P2P file sharing is a popular mode of file sharing but comes at a price of reduced security. For people who love P2P file sharing, RetroShare is a secure option. In addition to that RetroShare has some very interesting features:
- Multiplatform. Works on Linux, Windows, Mac.
- Secure file transfer and chat. Supports channels.
- P2P. No server involved.
- Supports VoIP, email, streaming
- Clean GUI with system tray integration
To install RetroShare on Ubuntu:
$ sudo add-apt-repository ppa:csoler-users/retroshare
$ sudo apt-get update
$ sudo apt-get install retroshare
[Courtesy: Jester Raiin]
I have mentioned the file sharing web service FileTea in one of my earlier articles. But FileTea deserves a separate article for the simplicity with which it solves a very commonplace problem:
I am working on my Koding.com VM where I don’t have a regular GUI environment. I want to share a file from my system quickly. While the reverse is easy because the Koding VM also runs a HTTP server all the time it is up, uploading a file to the VM means I have to start the FTP server (if it is not up) and then upload the file using gFTP or the regular cmdline. Otherwise I have to upload the file to a service like Dropbox and then use the public link to download the file to the VM using axel or wget.
FileTea makes the whole deal a child’s play with its simple interface to add files. It doesn’t upload the files to the server, it just gives you a URL to the file on your disk using which anyone can download the file from anywhere. So you do not need an extra software to upload the file. The service is anonymous and you get to download the file as long as the page is open in your browser. If the source file on your system is moved or deleted it can’t be accessed anymore. The web interface shows you any files uploaded and any downloads ongoing or completed. And as you might have guessed already, there is no file size limit as you do not store it on any third-party server.
That’s as good as running a file server without running an actual server software on your local machine as long as you need it to run! You can host FileTea on your local machine also. The source code is here and FileTea is available by default in the Ubuntu repositories.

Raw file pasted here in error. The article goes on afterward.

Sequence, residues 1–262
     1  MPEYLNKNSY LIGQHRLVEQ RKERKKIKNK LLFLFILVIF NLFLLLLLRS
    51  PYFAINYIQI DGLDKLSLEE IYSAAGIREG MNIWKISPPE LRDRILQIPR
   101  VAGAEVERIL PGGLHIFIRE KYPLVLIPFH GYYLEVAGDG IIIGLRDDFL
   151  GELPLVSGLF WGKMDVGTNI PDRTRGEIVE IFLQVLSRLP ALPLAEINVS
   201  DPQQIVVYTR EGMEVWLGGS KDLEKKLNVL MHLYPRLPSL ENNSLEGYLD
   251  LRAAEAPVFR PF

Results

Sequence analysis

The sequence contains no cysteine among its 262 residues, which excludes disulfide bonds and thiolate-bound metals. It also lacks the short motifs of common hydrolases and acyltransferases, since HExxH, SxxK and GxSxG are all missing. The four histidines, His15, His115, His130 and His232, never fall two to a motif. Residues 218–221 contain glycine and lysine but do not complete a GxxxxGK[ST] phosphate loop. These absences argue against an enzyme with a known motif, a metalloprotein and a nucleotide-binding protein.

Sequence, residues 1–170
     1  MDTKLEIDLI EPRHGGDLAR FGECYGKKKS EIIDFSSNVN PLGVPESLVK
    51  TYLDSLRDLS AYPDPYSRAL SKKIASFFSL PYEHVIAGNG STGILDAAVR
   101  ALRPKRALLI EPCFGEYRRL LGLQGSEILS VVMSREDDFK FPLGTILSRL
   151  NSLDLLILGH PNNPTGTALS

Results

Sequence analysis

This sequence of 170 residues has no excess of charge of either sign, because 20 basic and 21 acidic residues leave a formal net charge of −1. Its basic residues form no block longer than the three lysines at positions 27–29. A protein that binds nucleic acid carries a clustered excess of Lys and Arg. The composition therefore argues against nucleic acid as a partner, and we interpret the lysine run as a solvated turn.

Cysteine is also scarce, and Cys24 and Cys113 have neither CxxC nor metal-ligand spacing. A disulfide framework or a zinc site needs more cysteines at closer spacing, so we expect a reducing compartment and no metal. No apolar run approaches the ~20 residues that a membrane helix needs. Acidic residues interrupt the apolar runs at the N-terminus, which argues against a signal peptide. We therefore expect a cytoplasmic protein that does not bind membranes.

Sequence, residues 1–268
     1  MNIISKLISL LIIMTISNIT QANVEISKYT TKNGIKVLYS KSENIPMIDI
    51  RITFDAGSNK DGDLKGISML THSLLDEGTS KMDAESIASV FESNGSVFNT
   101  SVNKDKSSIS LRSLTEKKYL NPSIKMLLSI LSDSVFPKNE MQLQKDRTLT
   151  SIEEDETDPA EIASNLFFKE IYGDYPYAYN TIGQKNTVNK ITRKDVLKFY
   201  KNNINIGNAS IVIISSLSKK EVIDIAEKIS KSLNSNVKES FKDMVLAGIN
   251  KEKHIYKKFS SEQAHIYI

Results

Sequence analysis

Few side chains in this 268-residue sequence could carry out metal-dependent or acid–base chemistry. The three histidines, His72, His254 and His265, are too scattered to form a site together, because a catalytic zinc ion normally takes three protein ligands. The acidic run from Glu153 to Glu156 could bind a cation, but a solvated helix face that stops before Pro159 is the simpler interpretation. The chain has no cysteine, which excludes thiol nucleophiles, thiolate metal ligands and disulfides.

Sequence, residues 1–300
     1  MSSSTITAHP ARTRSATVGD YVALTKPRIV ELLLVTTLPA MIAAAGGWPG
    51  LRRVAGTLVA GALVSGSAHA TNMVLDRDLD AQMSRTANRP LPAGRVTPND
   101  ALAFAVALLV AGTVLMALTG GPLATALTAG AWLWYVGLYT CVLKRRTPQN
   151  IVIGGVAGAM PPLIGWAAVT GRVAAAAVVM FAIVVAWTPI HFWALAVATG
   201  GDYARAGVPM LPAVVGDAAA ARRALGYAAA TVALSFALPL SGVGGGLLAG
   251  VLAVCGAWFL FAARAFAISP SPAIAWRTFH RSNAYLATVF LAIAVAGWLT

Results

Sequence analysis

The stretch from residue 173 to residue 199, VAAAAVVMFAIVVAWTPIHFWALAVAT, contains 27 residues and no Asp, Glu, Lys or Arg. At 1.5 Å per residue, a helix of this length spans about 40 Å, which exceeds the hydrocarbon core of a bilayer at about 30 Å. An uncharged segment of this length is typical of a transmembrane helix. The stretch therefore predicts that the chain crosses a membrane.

Because of the limits of traditional email services, transferring huge (in terms of GBs) files is sometimes a problem. The cloud based services also add a cap to the file upload size in most cases. Here are some free services that allows users to upload and get links or mail huge files temporarily to send them to someone else.
Creates a Canvas of single or multiple files to share with your friends. A Free Registered account gets you 2 secure canvases which stay live for max 14 days, 5GB storage with 5GB bandwidth per day. You do not need to wait in the download queue as well.
Up to 5GB upload, send link to friends. File deleted if not download for more than 30 days.
Mail a file up to 30GB to someone. Unlimited downloads and the file will be available for 7 days.
Awesome anonymous P2P service to quickly transfer files. Add files and share links to friends. The files will be downloaded directly from you system. Nothing uploaded to the server and n waiting time to upload files.
- PipeBytes (service dead?)
Any size. Uses P2P so the file source system has to be online.
The least upload size limit among all the entries but allows to control the expiry of the file up to 7 days. Up to 100MB upload, send link to friends.
Showcases a clean and professional interface. Upload multiple files up to 2GB, share with 20 friends max and validity 14 days.
Up to 5GB upload, unlimited downloads. File deleted if not download for more than 15 days.
Presents a chat-room like environment to upload and download file anonymously. You can create your own room to upload files and your friends can join in by searching the room and download your files. The files will be live for 24 hour only. You would see the remaining time beside the filename.
Sharefest will come to your rescue in times when you want to share a file instantly with couple or friends without going into the hassle of setting up a server of uploading it somewhere. You can think of is as a serverless BitTorrent session where downloaders will receive chunks of the same file from different sources hence making the download quicker. The session lasts as long as your browser tab is open. Open source and implemented in JS. Works over HTML5 WebRTC Data Channel API.
Working principle: Sharefest operates on a mesh network similar to BitTorrent network. However, unlike BitTorrent, the peers are coordinated using an intelligent server at the time of writing. This coordinator controls the communication among peers and transfer of data. Peer5 Coordinator is used to accomplish this. Each peer will connect to few other peers in order to maximize the distribution of the file. Sharefest supports Chrome (>26) and Firefox (>19) browsers.
To install Sharefest on Ubuntu:
$ sudo apt-get install npm
$ git clone https://github.com/Peer5/ShareFest.git
$ cd ShareFest
$ npm install --dedupe
$ npm start
Test by visiting http://localhost:13337 in browser.
On GitHub: Sharefest